Multiplex partnered with researchers from the University of Glasgow to conduct a trial of green screens at the site of the new James McCune Smith Learning Hub on the University’s Gilmorehill campus.
The trial evaluated how green screens compare to traditional construction hoarding in terms of their ability to capture pollutants and attenuate runoff. The screens were made from a steel mesh with densely woven climbing plants affixed to the hoarding and the installation of associated monitoring equipment. To support the research, as well as access to the site Multiplex also provided labour and materials including the hoarding and green screen units.
“Our research aims to find opportunities to integrate the natural environment into the built environment in the form of urban greening and vertical greening systems. We hope that the research will have implications for the way that we design, construct and operate urban infrastructure to the shared benefit of people and planet. We’re extremely grateful to Multiplex for supporting our research to date and look forward to our continued work with them.”
Neil Jackson, PhD Researcher (University of Glasgow)
The project itself is considered unique for a number of reasons including, but not limited to, the fact that there are no existing studies considering the impact green screens may have on rainfall runoff and thus flood risk and it is also the first green screen project to use SEM (scanning electron microscopy) measurements.
From the data analysis, the results indicate a significant improvement both in terms of air quality and runoff. Fine particulate matter (PM2.5) counts were found to be lower in front of green screens when compared to the plywood control screens. Whilst the effect varied the largest reductions (up to 40% mean reduction) were seen during periods with the highest particle counts, further demonstrating the screens effectiveness as particulate buffers during high pollution events. With air quality being an important environmental and occupational health risk, the results show that green screens could be one tool to mitigate against the potentially damaging impacts of construction activities. To further demonstrate our commitment in tackling this issue Multiplex have since become signatories of the IOSH No Time to Lose campaign which aims to tackle the often hidden health related risks of construction.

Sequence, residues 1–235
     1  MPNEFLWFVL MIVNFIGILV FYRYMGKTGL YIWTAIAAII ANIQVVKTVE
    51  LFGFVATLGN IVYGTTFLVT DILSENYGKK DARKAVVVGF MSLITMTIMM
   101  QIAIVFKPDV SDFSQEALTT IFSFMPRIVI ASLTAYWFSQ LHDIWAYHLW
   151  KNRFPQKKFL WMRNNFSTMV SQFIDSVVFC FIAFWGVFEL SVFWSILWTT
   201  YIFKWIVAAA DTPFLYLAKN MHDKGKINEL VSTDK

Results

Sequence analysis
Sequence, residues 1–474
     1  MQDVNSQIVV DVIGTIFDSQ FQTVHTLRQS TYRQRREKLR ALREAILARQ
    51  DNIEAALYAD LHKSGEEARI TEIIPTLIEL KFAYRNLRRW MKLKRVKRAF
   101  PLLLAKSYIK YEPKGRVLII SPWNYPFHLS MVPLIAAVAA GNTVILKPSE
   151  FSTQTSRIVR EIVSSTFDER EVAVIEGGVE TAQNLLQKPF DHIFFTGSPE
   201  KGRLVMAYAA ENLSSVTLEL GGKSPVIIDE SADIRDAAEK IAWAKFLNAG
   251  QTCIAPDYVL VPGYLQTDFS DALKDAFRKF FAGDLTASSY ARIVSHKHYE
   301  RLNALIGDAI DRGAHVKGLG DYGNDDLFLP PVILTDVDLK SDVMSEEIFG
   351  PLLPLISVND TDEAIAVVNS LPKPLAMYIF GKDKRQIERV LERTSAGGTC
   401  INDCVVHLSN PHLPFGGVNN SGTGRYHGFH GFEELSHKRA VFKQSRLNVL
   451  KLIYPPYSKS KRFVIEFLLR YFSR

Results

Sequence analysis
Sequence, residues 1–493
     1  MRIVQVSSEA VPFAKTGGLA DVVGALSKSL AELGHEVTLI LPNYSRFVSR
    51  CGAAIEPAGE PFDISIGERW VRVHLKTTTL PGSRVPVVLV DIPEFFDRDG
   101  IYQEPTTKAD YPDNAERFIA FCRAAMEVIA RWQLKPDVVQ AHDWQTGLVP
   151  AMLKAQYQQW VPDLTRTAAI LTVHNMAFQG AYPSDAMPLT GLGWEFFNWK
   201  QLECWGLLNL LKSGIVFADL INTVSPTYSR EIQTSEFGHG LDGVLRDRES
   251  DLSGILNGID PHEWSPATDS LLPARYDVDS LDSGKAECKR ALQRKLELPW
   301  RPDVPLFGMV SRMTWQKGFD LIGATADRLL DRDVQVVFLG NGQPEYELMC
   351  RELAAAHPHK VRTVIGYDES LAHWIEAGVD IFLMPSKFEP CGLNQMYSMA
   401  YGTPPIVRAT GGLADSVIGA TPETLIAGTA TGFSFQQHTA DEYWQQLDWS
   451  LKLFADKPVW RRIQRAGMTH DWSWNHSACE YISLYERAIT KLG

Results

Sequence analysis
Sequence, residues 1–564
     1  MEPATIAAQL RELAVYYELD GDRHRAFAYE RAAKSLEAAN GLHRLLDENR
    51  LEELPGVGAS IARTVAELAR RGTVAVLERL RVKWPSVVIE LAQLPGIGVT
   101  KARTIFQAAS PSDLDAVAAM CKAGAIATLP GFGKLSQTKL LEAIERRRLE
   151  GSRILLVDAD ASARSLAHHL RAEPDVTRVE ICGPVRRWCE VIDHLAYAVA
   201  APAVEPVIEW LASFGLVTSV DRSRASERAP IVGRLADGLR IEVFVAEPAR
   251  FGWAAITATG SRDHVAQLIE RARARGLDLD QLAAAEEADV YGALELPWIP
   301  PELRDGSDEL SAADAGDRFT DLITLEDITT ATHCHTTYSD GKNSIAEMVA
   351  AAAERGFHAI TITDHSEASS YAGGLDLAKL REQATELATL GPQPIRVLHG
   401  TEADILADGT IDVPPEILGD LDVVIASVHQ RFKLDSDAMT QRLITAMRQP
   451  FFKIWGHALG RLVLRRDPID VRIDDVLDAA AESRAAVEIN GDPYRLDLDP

Similar results were also observed for rainfall runoff, with reductions of up to 35%. The highest reductions were again posted during the highest rainfall events.
To put the results of the research into a broader context, the project has also provided scientific rigour to a solution that has the potential to influence a range of the UN Sustainable Development Goals (SDGs) including SDG 3 (Good Health & Well-being) and SDG 13 (Climate Action) by using nature-based technologies.